Laser Therapy for Pets

As doctors, we work to find the best methods of treatment and pain management for our patients. Low-level laser therapy, or cold laser therapy, is an exciting tool. It gives veterinarians a unique and effective way to heal bodies and reduce pain in many instances.


Scientists, including Albert Einstein, have tossed around the concept of lasers since the early 1900s. However, it wasn’t until 1960 when a physicist, Theodore Maiman, created the first working laser.

Seven years later, Endre Mester accidentally discovered what he called laser biostimulation (now low-level laser therapy). While testing his theory that lasers caused cancer, Mester instead discovered lasers have regenerative properties.

That discovery opened up a new world of possibilities in the medical industry. In the years since, institutes worldwide have studied and refined the role of laser therapy in healing. In 2002, the FDA approved LLLT for use on humans suffering from carpal tunnel syndrome.

It didn’t stop there. Even now, engineers and scientists continue to study and develop effective dosage guidelines to get the most benefit from treatments.  Thanks to these studies and discoveries, efficacy is becoming more recognized and treatment limitations continue to fall away.

How it Works

Low-level laser therapy is drug-free, painless, and non-invasive. Its energy-concentrated light penetrates tissue. It targets the parts of cells affected by light, which absorb the energy and uses it to heal tissue and reduce inflammation.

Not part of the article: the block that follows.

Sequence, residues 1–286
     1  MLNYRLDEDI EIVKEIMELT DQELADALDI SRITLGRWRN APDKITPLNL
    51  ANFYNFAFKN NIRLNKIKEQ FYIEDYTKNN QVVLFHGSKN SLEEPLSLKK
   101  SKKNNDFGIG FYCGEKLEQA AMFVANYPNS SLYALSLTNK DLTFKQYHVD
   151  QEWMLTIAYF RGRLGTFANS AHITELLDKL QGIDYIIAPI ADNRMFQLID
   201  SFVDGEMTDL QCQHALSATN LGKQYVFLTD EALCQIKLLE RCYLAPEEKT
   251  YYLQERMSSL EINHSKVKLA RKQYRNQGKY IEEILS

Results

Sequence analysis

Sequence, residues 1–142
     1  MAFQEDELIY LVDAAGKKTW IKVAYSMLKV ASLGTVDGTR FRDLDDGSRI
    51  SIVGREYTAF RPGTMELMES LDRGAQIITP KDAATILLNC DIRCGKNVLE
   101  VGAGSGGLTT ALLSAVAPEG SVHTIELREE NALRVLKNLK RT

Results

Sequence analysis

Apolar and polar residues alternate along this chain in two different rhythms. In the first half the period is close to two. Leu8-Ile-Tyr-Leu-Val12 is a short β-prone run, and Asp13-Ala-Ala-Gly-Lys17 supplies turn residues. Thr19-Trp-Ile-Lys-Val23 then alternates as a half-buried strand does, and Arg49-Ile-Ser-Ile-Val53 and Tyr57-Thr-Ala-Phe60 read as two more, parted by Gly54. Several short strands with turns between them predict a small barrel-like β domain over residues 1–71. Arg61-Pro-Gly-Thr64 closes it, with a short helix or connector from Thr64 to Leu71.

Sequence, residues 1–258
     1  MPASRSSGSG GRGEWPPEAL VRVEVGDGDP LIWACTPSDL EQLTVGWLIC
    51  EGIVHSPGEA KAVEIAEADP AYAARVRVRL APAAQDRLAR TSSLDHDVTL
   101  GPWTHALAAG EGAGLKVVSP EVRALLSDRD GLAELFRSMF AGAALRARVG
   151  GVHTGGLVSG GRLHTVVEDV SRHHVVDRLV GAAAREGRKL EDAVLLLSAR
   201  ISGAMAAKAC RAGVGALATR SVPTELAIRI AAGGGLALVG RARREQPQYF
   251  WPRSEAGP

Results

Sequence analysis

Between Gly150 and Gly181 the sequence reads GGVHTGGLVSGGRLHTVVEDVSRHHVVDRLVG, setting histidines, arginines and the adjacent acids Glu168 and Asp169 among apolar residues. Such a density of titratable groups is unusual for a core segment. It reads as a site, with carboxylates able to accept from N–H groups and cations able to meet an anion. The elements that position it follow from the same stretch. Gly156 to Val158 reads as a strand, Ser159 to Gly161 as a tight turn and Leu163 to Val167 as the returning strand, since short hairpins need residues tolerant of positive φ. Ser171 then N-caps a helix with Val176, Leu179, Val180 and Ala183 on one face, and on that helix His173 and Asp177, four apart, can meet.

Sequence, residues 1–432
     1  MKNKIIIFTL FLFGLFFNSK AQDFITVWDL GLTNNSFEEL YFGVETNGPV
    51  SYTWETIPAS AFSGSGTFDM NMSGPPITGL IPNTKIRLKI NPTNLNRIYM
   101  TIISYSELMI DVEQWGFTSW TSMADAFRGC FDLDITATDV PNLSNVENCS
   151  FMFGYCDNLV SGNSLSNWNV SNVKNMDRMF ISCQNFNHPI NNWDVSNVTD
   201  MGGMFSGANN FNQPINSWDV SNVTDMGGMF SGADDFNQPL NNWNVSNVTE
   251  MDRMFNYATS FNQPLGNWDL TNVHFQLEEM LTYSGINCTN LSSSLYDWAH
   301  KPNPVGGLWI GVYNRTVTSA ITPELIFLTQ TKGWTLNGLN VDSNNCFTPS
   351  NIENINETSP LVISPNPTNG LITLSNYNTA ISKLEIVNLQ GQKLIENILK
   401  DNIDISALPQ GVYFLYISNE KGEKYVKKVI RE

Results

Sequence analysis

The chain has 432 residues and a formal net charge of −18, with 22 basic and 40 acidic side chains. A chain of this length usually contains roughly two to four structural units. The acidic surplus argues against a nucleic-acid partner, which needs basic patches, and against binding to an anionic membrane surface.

The effects of the laser are increased circulation, reduced inflammation, endorphin release, and restoration of metabolic function of tissue cells.

The procedure is often soothing for pets. It’s painless and done in a calm and gentle manner. The release of endorphins also helps make it enjoyable.

The amount of sessions required varies by the type and severity of the condition.

Conditions LLLT Treats

Low-level laser therapy treats many disorders. These include skin infections, back pain, bone fractures, muscle injury, various types of wounds, and joint disease such as hip dysplasia. Each veterinary practice that uses LLLT has their specific employments for the tool.

At Sandia Animal Clinic, we focus our laser therapy on managing pain in arthritic patients and for wound healing. Arthritis is a common, painful condition in dogs. It steals happiness and comfort from their lives. Laser therapy helps give some of it back.

One arthritic patient in particular, Brooklyn, was able to jump in and out of her parents’ vehicle after just two treatments. We love being able to improve our patients’ quality of life. Laser therapy allows us to do that in many instances.

Science is amazing. The use of lasers for healing our patients and making them more comfortable and mobile is another piece of proof. Laser therapy has many benefits in medicinal settings. It’s safe, kind to the body, soothing, and it works.



Huang, Ying-Ying et al. “Biphasic Dose Response In Low Level Light Therapy”. N.p., 2017. Print.

“PHOTONICS APPLIED: PHOTONICS IN MEDICINE: Low-Level Light Therapy: It’s All About Wavelength And Power”. N.p., 2017. Web. 17 May 2017.

“Theodore Maiman”. N.p., 2017. Web. 17 May 2017.

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